MHCi MONTHLY FEATURE:
CSR and the Beautiful Game
We have often argued in these Monthly Features that CSR is a systems concept that can be widely applied to corporations, NGOs, Government, associations and so on. By systems concept we mean, following the systems approach well known to engineers, a complete approach that takes a problem, identifies the systems boundary and then considers all aspects of importance to the resolution of the problem. The system in CSR revolves around the identification of the key stakeholders and their incorporation in a socially responsible way. Consequently, those who see CSR as essentially philanthropy (as does management guru Michael Porter misguidedly in a recent interview) miss out on a powerful business tool to make their businesses even more dynamic and profitable.
As well as providing its clients with an overall approach to CSR, MHCi has shown how the CSR concept can be applied in many disciplines. To this end MHCi runs a series of CSR Masterclasses where participants interact closely with CSR and the discipline specialists. Recently, in London, MHCi ran a masterclass linking CSR to the wider issue of sport and this is what we report on in this article. The participants, a broad group of sports business people, academics, journalists and consultants raised eight key questions on sport and CSR:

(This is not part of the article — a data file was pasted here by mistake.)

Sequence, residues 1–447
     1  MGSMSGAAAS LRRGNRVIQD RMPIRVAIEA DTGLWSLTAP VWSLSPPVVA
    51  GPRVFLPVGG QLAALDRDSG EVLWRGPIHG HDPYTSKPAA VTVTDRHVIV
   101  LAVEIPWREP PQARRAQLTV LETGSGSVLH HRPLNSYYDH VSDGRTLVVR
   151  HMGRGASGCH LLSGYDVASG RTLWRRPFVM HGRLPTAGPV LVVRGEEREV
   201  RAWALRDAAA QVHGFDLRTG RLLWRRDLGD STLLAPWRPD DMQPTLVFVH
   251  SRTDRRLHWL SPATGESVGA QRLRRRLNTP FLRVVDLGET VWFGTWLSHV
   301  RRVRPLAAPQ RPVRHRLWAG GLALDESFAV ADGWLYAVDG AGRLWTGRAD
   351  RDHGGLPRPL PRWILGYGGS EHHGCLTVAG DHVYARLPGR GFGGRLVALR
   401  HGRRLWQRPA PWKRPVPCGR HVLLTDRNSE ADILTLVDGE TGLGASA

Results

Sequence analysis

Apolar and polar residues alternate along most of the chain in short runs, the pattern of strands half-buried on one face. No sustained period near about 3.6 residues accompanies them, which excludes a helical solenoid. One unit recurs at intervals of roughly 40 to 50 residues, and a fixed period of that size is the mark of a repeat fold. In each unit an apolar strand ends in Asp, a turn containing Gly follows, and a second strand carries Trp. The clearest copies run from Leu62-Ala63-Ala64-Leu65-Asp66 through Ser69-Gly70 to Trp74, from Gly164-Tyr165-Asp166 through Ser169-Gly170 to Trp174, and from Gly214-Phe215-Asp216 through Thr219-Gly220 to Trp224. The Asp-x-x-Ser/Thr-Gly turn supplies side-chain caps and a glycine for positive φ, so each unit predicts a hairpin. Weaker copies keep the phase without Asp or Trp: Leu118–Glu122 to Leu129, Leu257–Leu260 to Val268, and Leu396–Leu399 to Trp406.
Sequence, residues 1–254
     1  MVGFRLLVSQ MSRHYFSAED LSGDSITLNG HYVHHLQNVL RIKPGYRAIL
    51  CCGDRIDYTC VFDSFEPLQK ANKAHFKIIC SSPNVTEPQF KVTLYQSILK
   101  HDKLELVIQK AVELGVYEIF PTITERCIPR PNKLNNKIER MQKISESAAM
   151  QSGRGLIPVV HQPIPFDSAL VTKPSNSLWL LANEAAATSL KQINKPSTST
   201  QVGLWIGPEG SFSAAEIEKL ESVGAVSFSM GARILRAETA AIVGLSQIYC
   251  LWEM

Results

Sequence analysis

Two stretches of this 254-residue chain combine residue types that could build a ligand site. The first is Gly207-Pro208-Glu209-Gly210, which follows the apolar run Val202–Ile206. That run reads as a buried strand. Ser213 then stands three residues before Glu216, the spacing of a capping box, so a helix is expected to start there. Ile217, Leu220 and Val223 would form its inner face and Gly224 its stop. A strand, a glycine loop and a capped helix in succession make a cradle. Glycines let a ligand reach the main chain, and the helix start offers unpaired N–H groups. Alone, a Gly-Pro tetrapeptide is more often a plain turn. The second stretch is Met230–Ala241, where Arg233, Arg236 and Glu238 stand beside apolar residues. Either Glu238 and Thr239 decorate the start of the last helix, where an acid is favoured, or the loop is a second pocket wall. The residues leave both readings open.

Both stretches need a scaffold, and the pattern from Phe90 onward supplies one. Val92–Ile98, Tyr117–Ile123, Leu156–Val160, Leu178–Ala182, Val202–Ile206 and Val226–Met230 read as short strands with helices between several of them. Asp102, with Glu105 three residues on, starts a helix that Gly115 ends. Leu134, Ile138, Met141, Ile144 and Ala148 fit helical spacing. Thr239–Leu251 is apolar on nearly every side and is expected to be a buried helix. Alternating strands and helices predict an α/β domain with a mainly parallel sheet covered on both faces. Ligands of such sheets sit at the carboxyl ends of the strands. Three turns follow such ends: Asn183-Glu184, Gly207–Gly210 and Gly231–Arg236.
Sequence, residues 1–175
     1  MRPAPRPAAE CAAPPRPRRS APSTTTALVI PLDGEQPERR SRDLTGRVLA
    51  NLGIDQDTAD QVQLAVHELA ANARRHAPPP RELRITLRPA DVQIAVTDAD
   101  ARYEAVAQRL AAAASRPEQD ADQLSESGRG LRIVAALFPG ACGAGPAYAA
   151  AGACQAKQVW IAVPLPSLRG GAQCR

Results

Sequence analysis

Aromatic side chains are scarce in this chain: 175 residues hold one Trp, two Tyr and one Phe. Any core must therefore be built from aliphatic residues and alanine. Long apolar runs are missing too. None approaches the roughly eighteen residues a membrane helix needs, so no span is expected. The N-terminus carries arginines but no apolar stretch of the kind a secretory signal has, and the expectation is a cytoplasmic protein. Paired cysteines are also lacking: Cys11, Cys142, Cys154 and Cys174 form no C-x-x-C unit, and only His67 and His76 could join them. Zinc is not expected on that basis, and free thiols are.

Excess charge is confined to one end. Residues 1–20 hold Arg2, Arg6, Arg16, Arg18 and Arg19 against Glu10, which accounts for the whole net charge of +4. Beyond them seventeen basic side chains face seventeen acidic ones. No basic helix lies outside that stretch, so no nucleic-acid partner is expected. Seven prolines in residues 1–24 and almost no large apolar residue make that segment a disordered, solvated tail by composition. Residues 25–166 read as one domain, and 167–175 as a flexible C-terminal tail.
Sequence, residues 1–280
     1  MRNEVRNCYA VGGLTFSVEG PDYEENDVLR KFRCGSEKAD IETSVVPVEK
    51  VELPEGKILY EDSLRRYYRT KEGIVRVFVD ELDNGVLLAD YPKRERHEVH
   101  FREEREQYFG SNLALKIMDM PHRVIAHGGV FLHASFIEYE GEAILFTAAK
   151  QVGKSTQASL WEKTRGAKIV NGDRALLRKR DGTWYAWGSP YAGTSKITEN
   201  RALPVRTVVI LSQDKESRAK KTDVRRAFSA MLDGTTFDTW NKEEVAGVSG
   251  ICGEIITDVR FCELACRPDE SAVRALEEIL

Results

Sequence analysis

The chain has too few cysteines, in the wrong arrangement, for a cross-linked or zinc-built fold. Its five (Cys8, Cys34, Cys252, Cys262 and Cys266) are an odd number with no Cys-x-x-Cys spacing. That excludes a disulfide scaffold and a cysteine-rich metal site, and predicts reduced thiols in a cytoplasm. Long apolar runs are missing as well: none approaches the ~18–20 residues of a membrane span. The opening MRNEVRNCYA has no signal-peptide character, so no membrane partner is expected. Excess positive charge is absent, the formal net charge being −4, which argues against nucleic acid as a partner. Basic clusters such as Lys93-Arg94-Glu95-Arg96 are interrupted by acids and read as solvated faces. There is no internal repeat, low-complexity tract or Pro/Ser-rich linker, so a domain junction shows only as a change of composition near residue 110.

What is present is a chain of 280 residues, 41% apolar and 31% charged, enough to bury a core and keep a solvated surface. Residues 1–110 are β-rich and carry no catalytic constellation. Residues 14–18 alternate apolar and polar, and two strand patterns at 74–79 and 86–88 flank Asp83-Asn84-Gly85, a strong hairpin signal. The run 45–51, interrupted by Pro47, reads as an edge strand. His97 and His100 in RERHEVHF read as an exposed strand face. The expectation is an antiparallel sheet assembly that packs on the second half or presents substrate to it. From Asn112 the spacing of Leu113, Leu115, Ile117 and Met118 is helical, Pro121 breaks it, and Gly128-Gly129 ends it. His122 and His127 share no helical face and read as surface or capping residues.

Whatever happened to the beautiful game?
Is CSR relevant to sport and what can it offer
Who can be the leaders of the revolution on CSR in sport?
Future generations: how can CSR help?
What is CSR’s definition of sport?
If sport cannot go it alone, what partnerships are possible?
What would your message to the CEO be from this meeting?:
Should sport be taken more seriously by Government?
Let’s look at each question:
1. Whatever happened to the beautiful game?
Focussing on football (with side comments on both cricket and rugby), Jonathan Metliss presented a game mired in drugs and rife with racism. A game that spawns violence on the pitch and hooliganism on the terraces and in the streets. A game that is far from beautiful. Yet sporting problems have always existed and our current view of sport is rose tinted by the Golden Age of sport, which according to social historian Dr Eric Midwinter , spanned the period 1870 to 1950. Despite extreme disillusionment, Mr Metliss outlined actions that could be taken to restore the game of football to its beautiful self. These could include: statutory action; the deduction of points from offending clubs; reduction of media money; more activity – with teeth – from the anti racism bodies such as Kick it Out. This could be further extended, as Dr Michael Hopkins pointed out, with proper codes of ethics; with sports’ people observing codes of ethics; with players and coaches working with known hooligans; transfer deals including ethics clauses and players, who do have a serious profile as role models, being rewarded for exemplary behaviour – in their pay packets.
2. Is CSR relevant to sport and what can it offer?